Confessions of a Social Pariah, Reflections

Confessions of a Social Pariah: It's just lines – nothing more.

By Spliph, South Africa:

A discussion on skew lines, crying men and takkies at an art exhibition.

Have you seen them?

Fermented beverage in hand, cigar smoke scintillating the already toxic air, well worn dinner jackets on their shoulders, captivating hairstyles on their heads, and their noses a centimetre above its natural position. They are engaged in deep conversations while wearing facial expressions reminiscent of people discussing things of national importance. I have a serious bone to pick with abstract artists and their admirers. Allow me to explain.

So there I am at an art exhibition in a golf t-shirt, chino slacks and All-Star takkies. Had I known that people dress up to see pictures, I would have at least taken the time to wear a belt.

I've never understood abstract paintings, nor do I have the time or mental capacity to listen to the artist give an hour long speech about the emotion that went into drawing a single blue line on a grey canvas. The reason for my ill views is: I could arm my 4 year old nephew with a ruler and a box of crayons and he would come up with something more interesting – you know, like a bowl of fruit.

And what's with art admirers exaggerating every defect in a painting – I have heard a bearded, bespectacled gentlemen cry after noticing a small defect on a painting. The reason for the sudden facial rain was “I can't believe what he was going through”.

Had a camera captured the face I made after hearing that, I would have been maimed all over the world for crying out loud: No emotion was involved in it – it's just lines – nothing more, nothing less!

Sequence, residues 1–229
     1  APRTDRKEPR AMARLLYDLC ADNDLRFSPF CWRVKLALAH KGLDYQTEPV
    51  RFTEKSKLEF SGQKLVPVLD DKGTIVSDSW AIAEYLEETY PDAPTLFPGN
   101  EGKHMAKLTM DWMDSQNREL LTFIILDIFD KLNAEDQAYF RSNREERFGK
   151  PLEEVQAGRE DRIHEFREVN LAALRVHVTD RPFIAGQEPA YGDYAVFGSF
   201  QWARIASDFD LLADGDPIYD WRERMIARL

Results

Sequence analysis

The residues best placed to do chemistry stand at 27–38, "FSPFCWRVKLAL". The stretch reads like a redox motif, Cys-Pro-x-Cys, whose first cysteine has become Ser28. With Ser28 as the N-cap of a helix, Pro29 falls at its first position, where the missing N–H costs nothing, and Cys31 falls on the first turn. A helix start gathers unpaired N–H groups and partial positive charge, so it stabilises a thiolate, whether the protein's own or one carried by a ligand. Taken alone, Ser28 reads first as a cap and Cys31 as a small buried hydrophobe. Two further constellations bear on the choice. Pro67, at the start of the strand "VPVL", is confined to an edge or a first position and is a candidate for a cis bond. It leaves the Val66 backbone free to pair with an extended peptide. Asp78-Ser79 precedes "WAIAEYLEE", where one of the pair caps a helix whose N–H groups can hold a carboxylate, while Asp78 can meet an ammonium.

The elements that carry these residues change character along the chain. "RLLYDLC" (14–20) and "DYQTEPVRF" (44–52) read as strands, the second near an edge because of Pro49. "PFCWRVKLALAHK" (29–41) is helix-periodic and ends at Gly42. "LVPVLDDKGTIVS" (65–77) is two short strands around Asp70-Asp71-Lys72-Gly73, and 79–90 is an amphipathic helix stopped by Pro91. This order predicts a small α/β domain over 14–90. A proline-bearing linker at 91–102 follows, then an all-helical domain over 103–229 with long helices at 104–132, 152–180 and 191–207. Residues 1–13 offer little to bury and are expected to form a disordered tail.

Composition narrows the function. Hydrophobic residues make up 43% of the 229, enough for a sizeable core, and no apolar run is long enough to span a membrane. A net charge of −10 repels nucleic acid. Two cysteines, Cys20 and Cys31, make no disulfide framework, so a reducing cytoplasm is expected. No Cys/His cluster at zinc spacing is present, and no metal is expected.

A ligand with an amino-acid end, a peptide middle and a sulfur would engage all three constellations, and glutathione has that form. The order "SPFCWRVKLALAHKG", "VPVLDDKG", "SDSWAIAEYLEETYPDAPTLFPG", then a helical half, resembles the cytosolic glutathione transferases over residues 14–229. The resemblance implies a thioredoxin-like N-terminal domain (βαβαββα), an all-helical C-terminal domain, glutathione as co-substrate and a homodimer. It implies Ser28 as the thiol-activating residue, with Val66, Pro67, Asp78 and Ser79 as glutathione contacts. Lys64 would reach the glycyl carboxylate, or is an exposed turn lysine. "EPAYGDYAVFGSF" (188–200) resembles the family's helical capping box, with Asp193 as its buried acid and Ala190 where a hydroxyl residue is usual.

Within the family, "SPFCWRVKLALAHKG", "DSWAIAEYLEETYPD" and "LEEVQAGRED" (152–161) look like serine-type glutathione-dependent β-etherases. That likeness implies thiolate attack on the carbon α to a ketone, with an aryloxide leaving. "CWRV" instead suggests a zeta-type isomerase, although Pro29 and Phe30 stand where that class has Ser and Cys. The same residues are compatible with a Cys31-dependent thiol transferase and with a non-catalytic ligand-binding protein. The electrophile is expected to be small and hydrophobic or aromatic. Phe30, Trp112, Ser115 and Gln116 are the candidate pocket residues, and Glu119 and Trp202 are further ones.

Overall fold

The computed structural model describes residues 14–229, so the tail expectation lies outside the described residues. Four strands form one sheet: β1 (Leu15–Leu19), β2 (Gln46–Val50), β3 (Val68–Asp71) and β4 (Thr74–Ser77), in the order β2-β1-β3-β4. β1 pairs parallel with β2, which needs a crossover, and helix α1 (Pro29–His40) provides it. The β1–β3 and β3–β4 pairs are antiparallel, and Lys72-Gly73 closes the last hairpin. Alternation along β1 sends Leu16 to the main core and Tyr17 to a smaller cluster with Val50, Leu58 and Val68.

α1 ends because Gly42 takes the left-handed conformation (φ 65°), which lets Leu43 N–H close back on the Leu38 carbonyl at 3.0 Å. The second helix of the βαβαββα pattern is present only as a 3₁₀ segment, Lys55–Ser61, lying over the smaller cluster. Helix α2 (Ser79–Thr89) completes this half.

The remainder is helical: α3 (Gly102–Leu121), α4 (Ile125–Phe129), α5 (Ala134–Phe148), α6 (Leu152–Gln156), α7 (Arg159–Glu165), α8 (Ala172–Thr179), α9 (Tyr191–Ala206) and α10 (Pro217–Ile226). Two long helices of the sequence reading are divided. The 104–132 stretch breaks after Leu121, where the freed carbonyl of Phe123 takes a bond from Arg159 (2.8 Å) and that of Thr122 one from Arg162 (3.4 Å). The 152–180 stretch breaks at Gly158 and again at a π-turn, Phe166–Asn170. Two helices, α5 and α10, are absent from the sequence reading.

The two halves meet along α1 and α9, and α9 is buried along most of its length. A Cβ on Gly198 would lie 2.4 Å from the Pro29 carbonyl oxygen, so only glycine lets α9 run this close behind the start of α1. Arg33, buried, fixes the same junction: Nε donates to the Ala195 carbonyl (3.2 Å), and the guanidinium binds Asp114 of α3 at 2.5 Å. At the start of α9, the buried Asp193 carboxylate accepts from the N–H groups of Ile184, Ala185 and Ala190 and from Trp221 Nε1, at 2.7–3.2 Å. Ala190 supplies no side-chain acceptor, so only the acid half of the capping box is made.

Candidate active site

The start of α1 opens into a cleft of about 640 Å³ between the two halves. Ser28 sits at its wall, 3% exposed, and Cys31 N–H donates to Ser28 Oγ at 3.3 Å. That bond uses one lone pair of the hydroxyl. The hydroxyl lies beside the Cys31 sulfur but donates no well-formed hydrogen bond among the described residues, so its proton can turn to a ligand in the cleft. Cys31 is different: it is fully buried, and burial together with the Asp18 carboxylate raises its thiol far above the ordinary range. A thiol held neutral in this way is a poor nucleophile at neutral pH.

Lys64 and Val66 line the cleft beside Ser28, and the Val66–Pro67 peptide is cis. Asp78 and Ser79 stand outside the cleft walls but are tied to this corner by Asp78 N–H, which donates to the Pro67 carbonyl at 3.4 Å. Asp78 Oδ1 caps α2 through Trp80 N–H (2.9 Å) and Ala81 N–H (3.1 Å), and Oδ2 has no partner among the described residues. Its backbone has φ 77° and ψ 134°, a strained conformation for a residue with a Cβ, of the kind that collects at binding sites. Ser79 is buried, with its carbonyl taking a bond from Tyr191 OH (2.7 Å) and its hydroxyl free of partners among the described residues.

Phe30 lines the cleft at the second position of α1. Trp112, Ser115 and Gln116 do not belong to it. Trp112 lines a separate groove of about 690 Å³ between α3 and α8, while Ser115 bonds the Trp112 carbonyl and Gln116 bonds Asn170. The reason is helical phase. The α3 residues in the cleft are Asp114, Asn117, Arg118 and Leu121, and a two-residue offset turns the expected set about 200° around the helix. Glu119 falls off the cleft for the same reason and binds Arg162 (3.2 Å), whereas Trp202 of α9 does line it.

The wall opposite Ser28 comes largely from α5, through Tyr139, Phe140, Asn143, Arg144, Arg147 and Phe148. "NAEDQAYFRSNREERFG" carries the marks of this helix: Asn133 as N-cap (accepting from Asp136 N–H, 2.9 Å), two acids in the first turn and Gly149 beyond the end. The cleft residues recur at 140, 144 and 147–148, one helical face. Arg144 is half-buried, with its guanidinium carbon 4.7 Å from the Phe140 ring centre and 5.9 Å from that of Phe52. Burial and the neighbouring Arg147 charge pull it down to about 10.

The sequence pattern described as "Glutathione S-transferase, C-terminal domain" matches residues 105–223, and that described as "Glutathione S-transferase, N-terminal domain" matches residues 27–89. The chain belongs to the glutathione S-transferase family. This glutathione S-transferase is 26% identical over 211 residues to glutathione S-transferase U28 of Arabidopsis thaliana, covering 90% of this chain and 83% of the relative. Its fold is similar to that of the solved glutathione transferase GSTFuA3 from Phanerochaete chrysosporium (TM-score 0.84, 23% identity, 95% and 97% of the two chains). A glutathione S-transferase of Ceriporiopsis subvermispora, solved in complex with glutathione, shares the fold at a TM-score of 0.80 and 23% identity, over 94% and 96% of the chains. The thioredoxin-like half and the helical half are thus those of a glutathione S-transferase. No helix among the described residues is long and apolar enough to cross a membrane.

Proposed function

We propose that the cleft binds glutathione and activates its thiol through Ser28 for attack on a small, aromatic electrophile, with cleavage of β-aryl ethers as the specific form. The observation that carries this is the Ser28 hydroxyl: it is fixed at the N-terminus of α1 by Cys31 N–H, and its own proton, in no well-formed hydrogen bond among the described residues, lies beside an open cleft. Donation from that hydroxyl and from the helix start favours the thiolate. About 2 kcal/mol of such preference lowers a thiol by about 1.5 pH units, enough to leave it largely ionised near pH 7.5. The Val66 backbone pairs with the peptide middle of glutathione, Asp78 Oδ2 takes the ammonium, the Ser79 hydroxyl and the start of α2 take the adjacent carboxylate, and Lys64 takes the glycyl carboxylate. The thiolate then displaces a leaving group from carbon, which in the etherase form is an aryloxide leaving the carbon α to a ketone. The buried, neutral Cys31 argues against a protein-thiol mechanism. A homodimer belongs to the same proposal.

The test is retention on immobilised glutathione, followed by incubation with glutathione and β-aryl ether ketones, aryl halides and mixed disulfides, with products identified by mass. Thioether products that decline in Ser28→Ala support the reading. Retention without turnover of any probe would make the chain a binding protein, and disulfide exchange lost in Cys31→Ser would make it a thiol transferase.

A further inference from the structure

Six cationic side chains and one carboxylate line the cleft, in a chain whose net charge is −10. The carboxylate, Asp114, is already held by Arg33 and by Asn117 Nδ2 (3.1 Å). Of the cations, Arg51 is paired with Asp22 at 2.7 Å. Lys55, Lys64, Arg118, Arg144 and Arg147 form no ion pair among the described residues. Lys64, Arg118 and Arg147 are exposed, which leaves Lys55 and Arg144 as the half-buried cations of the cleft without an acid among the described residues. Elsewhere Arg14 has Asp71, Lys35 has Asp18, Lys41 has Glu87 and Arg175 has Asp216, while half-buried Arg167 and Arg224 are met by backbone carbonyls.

I have a friend named Bonginkosi. Bonginkosi is a bespectacled vermin from a township called Thembisa in the Eastrand. He and I were having an argument about some rapper's lyrics. He mentioned how elephantine my level of ignorance was, and how mentally unintelligible I am to an artist's “growth” – you should have seem my face.

He believes that messages in songs are not on ear level and for me to truly appreciate the artistry that goes in musical composition – I should internalise the socio-economic hardships endured by generations of slaves so best to understand some loud character with two chains, gold teeth and bad standing with the law – I'd rather watch the Days of our Lives omnibus, thank you very much.

After minutes of listening to the cow dung emanating from his mouth, I employed the services of another colleague to weigh in on the discussion. A livid Bonginkosi left my side being defeated by us. Hooray for ignorance.

That afternoon at the art exhibition I was reminded why I steer clear of creatives and marijuana. Interpret that any way you will.

So please, if you will allow me to make at least one significant contribution to the world, let it be that I opened the eyes of many people regarding abstract paintings and exaggerated lyrics.

And they say Graffiti is vandalism? Granted the positioning can be controversial but at least they take the time to draw an actual picture.

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